Thursday, June 04, 2015

30 Day Song Challenge, Day 4: A Song That Makes You Sad

I have a certifiably unhealthy obsession with sad songs.  I think they're the most beautiful things that human beings create, and I think you can learn far more truth about the complex, convoluted tragicomedy that is human life and community from sad songs than from all the rest of our creations combined.  Among the reasons my musical tastes tend so strongly toward "roots" genres (country, blues, gospel) is not only because rootsy genres are chock-full of sad songs, but also because their simple, straightforward, minimally adorned packaging provides the kind of formal structure that lends itself to foregrounding, and thus amplifying, the sadness in sad songs. There are a variety of more or less effective ways to reach, to connect with and to move the stubborn talking-apes with whom we share planet, many ways to persuade (or manipulate) them, many ways to bring them to their knees.  You can do it with holy books and prophets.  You can do it with armies, weapons and machines.  You can do it with the wondrous and frightening technologies of Science, You can do it, as I most frequently attempt to do, with the conceptual intricacies of philosophical argument.  But none of those would be my first choice to touch the hearts and minds of the beings who create and destroy worlds.

Just give me three chords and a sad story.

My pick for today comes from an artist whose particular rode-hard-and-hung-up-wet vocal timbre makes almost everything he sings sadder,  Combine with that his preternatural ability for storytelling, and there's just no denying that, in the sonic pantheon, Willie Nelson is the veritable God of Melancholy.  There are almost too many to choose from in Nelson's vault, but today I've chosen his 1982 "Last Thing I Needed, First Thing This Morning," a loping, longing, disconsolate dirge, soaked in regret, drowning in pathos and utterly, devastatingly heartbreaking.  Grab a hanky, here it is:



There's no good time for bad things to happen, least of all for your love to walk out on you, but the first thing this morning has to be among the worst.  Perhaps one of my favorite thing about this song, and what makes it so soul-crushingly sad in my estimation, is exactly that straw-that-broke-the-camel's-back element.  When life throws a suckerpunch, we get knocked down, maybe we get hurt, but we manage.  However, when life throws a sucker-combination, and then continues to wail away like some rabid MMA fighter who refuses to let you tap out, what is there left to do? You curl up in a ball, you cover your head for protection, and you reduce your interaction with the cold, cruel world to nothing more than pleas for mercy. Excuse me for looking like my whole world fell apart.  Excuse me for livin' and being forgiven.  Those lines are about the purest form of existential apology in song.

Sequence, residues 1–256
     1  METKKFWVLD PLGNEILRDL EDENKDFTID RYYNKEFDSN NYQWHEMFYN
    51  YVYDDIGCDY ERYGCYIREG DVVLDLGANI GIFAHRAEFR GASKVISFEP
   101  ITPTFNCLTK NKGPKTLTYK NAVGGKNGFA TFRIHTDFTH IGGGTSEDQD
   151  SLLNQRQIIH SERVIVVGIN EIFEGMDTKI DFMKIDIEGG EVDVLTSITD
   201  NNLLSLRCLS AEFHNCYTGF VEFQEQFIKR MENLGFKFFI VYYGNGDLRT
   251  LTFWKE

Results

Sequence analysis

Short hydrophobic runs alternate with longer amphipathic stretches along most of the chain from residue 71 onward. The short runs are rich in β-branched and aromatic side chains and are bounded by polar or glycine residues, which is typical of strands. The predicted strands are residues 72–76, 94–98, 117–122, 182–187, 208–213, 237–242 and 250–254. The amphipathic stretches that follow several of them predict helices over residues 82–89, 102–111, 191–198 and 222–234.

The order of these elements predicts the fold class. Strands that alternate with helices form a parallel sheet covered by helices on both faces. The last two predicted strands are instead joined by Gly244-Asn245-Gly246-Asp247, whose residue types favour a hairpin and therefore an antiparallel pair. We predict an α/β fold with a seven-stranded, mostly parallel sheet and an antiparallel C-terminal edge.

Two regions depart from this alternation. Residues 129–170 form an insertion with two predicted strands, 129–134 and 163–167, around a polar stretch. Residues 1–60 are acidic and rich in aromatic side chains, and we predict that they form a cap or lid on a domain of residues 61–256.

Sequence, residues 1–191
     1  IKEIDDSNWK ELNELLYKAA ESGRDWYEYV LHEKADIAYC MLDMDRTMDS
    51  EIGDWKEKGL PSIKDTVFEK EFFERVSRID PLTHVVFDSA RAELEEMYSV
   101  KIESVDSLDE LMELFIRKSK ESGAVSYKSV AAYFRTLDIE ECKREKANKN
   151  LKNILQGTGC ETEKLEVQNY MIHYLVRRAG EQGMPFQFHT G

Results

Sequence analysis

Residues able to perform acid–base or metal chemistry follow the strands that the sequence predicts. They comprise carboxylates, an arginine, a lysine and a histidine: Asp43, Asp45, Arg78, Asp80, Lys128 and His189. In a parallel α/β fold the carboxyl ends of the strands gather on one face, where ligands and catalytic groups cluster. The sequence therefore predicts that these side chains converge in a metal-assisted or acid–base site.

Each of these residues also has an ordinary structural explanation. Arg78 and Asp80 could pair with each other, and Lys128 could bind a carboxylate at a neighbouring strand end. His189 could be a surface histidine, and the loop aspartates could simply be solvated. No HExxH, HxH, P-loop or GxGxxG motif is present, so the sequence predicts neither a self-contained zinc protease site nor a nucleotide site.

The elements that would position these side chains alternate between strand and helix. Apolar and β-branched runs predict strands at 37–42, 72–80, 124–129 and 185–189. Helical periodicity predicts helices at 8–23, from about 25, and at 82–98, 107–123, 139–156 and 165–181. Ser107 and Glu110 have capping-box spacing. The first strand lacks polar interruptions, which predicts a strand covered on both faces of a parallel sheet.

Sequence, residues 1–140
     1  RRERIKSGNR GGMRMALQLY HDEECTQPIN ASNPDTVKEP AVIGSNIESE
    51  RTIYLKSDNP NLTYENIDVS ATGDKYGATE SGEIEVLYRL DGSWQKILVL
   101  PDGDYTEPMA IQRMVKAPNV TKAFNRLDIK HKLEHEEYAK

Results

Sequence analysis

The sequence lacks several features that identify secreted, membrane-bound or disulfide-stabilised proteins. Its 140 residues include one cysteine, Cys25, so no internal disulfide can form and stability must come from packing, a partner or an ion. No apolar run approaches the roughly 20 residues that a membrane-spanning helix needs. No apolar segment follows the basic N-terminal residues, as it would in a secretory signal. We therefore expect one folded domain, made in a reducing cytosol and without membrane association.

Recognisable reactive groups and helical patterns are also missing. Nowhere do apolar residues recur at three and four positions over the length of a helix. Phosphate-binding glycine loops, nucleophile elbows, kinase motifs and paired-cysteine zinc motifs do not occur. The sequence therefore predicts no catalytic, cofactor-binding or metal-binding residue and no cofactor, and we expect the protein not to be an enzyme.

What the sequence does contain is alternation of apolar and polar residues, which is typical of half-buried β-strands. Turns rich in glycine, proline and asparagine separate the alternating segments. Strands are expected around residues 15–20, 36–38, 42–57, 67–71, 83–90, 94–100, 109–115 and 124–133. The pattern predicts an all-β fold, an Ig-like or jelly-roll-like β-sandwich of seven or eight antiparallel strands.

I am aware that this song belongs to a group of "I lost my dog/house/truck/job and then she left me, too" country songs that many people find insufferably formulaic and corny.  But there's a reason this formula has withstood the test of time.  It taps into a deep, universal refusal to accept that the Universe can be so damn unfair, that it can single a person out and stomp a boot down on his or her neck without provocation or justification, that it sometimes continues to punish long past the point when the lesson has been learned.  Sometimes the Universe hands you the last thing you needed, first thing in the morning, and that just produces a very special kind of sadness.  The sort that searches for song.

Runners-up:  Etta James' "I'd Rather Go Blind"; Maria McKee "If Love Is A Red Dress"; Solomon Burke "Don't Give Up On Me"; The Avett Brothers "I And Love And You"

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